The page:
Prevention of mental health disorders in young people
Adolescence can be a difficult time for many young people. It is seen as a crucial period for intervention as 75% of mental health problems emerge before the age of 25 years. Led by Scientia Professor Helen Christensen, the Black Dog Institute is focused on developing ways to prevent the onset of mental illness in young people. Prevention targeted at the right time can help to stop young people from experiencing episodes of both depression and bipolar disorder. To engage adolescents, our prevention work often utilises web-based technology and mobile apps.
Why focus on prevention and treatment in youth?
Depression and anxiety affects the lives of many young Australians; annually one in six experiences an anxiety disorder and one in 16 experiences depression. These illnesses lower the quality of life of young people and their families, increase the risk of suicide and worsen the outcomes of other physical or mental health problems. Adolescence can be a difficult time for many young people. Amongst the many pressures experienced by teens, final exams are considered to be among the most stressful. We know that stress can trigger underlying vulnerabilities that can result in mental illness such as depression. Indeed, more than 40% of Year 12 students report symptoms of depression, anxiety and stress that fall outside what is considered the normal range for this age group.
This program aims to deliver prevention programs through games, apps and websites, and to bring together information from social media, self report and pervasive devices to develop a rich data set for the future. The school is an ideal environment to deliver prevention programs at appropriate transitions and for that reason, many of our programs are delivered in the school setting.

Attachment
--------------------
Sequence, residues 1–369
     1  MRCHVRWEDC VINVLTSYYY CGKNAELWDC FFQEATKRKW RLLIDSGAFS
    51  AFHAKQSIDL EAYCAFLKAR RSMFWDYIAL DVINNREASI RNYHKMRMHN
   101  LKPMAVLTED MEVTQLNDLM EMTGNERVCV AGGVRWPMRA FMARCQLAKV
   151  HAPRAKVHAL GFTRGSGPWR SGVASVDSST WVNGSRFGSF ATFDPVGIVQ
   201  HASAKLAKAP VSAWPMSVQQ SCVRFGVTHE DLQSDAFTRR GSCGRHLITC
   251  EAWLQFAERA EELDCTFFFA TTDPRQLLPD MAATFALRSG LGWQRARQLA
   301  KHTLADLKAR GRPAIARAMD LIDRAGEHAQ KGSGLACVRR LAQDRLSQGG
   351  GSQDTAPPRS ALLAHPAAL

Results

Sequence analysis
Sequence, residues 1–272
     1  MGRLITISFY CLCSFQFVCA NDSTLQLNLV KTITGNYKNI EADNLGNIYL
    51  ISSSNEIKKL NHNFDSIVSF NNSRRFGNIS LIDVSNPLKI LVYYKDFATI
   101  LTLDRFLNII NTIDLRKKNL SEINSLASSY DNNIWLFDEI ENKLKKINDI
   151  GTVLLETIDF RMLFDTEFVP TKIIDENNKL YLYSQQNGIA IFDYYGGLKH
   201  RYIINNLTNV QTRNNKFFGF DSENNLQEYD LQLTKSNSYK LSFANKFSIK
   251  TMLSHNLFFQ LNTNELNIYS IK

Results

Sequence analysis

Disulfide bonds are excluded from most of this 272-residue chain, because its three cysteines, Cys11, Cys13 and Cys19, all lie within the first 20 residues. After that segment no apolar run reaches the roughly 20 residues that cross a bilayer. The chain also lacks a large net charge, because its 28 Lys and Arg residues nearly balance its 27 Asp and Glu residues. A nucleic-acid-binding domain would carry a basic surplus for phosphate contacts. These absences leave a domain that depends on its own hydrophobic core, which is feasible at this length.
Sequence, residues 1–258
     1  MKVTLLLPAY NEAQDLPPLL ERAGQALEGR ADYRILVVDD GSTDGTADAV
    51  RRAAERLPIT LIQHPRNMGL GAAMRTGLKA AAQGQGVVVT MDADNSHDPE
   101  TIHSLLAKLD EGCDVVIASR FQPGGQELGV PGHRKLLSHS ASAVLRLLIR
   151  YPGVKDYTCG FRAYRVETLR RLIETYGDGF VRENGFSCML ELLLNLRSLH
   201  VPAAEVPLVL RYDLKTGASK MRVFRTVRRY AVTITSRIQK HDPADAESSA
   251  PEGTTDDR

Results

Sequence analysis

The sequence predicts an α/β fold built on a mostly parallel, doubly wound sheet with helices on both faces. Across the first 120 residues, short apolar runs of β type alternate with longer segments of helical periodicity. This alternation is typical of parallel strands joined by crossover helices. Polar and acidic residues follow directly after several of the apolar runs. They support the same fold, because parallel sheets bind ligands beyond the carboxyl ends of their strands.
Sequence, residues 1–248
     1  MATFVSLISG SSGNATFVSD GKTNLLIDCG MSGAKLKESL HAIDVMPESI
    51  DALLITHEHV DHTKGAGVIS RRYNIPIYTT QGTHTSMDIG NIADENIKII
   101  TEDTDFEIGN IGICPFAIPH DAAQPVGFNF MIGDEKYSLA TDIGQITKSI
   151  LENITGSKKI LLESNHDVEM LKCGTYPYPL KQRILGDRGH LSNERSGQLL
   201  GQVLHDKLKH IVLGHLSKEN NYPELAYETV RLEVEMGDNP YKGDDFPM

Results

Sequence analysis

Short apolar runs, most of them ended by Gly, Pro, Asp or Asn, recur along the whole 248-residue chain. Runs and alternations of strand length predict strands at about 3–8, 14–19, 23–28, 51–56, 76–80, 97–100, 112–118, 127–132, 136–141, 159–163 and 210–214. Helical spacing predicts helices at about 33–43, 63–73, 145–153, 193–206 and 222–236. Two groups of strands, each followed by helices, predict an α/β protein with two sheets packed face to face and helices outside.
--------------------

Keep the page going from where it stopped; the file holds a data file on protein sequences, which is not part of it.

Targeting young people’s sleep to prevent depression
Dr Aliza Werner-Seidler is developing an app aimed at preventing depression in adolescents through targeting sleep. Adequate sleep is critical for adolescent health and development, yet teenagers seldom get enough of it. In 2015, researchers at Black Dog Institute concluded that delivering an online program to adults with insomnia prevented the onset of a major depressive episode. This was the first study to show that targeting sleep difficulties could prevent depressive episodes.
The research team are now using this idea to develop a novel mobile phone app for at-risk adolescents, delivered in the school setting. With approximately 90% of Australian teenagers now owning a mobile phone, a sleep program delivered via a mobile app is likely to engage and appeal to young people.
The research team has been working with young people to find out what features they would like to see in an app designed to improve their sleep. This feedback will be integrated together with core strategies that are known to work to improve sleep to develop and test this innovative approach.
Smooth Sailing: Stepped care online adolescent clinic
Dr Bridianne O’Dea is currently trialling an online stepped care clinic for adolescents, delivered in the school setting. The Smooth Sailing project is a novel approach that will enable detection of anxiety and depression symptoms, whilst delivering treatment in a stepped care fashion. This approach will allow treatment to be tailored to meet the adolescent’s symptom severity and provide ongoing monitoring should more intensive treatment be needed or likewise, less intensive treatment be needed when symptoms have improved.